TENDU (tahn – DIU) – “stretched”; a basic ballet movement where the leg is extended straight out from the supporting leg with the foot fully pointed. It can be done forward, sideward, or backward. Master choreographer George Balanchine considered it the most important exercise in ballet.

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More women are invading men’s turf.

The coolest proof I’ve seen of this recently is Hanna Roa, one of the snare drummers of the De La Salle University’s pep squad during the UAAP Season 67 opening ceremonies last July 10 at the Araneta Coliseum.

She was an instant standout; the former cheerleader who used to dance to the beat now makes the beat where even men dance to.

Doesn’t it just warm you to your toes in seeing that a lot more women now think out of their pretty pink boxes and do things that were once thought of as exclusive to men?

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UST students can be really embarrassing sometimes.

I know good manners and right conduct are not really taught in UST, but that is because it is assumed that college students already know how to behave appropriately in certain places and occasions, like when watching a play.

I recently watched one in La Consolacion College in Mendiola, along with other grade-hungry Thomasians of varying levels and colleges. Some of them apparently didn’t know that they should behave during the course of the play.

These people who kept talking must be really smart to be able to discern a play while talking with their seatmates at the same time. Or maybe their seatmates were all blind and deaf, thus they had to give each other the loud blow-by-blow account of what was happening on the stage five meters away. Or maybe the stage was especially built for people in farther seats to notice something remotely funny about anything else in the auditorium besides the play itself.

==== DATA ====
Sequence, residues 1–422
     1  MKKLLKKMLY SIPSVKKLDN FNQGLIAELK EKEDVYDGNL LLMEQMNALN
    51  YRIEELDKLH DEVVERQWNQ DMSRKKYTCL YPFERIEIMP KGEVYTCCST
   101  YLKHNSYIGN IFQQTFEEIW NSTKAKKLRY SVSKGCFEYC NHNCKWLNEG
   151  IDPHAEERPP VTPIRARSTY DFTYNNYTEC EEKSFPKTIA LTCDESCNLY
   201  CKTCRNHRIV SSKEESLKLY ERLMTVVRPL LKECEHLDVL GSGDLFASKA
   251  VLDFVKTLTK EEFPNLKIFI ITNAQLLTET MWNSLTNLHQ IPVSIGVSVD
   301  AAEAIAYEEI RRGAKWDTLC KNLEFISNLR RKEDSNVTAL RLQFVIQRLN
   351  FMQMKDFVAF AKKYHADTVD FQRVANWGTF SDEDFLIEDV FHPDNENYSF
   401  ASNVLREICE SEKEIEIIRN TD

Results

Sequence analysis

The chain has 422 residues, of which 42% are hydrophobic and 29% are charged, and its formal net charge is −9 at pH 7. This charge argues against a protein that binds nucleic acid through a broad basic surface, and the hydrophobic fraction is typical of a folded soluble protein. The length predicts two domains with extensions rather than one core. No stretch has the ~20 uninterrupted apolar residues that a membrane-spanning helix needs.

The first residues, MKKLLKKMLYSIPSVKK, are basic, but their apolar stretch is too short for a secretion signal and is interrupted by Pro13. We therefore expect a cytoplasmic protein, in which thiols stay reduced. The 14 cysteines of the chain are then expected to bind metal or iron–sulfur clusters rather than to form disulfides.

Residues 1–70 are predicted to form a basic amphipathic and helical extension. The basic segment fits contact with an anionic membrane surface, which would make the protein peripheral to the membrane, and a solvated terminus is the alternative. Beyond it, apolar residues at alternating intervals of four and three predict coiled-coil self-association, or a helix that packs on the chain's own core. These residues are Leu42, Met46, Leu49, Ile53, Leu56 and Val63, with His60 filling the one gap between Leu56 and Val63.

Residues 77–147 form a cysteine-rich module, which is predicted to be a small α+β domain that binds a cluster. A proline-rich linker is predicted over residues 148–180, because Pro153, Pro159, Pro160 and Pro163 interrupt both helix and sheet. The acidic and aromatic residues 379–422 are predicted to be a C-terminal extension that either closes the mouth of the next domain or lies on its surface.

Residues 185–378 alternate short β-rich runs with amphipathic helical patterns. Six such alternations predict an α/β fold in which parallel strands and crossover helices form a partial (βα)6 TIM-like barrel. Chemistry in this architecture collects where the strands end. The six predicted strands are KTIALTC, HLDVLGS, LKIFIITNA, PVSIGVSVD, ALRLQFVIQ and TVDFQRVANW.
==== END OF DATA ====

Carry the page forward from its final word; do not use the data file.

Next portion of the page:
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The play was nothing impressive. But what if it’s something grander, like a Tchaikovsky ballet or a philharmonic concert?

I do not wish to curb anybody’s right to expression. Performing artists need to gauge the audience’s reactions, but I didn’t think they appreciate it when people laugh their heads off or talk loudly during particularly heavy and climactic scenes.

I’m also worried that an appalling behavior like that can affect how Thomasians would seem to other people, and how, we are alarmingly near to being branded as tacky or jologs.

Professors who assign their students to watch plays should teach them proper theater behavior.

I don’t think that by UST’s quadricentennial celebrations in 2011, we would want to be called, “UST, Asia’s oldest jologs university…”

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Congratulations to the UST Journalism Society for a well-attended acquaintance party last July 10 at the QC Sports Club. The food and the company were great.

Congratulations also to Ma’am Eggie (Eugenia Duran-Apostol) for being given the very first UP Gawad Plaridel Award for the media. I’ve always feared she would eventually be turned into our own version of those “dotty dear things” in England: aging women who are fawned over and adored, but never taken seriously. Judging from the nature of the award, she was treated seriously; and I’m glad.

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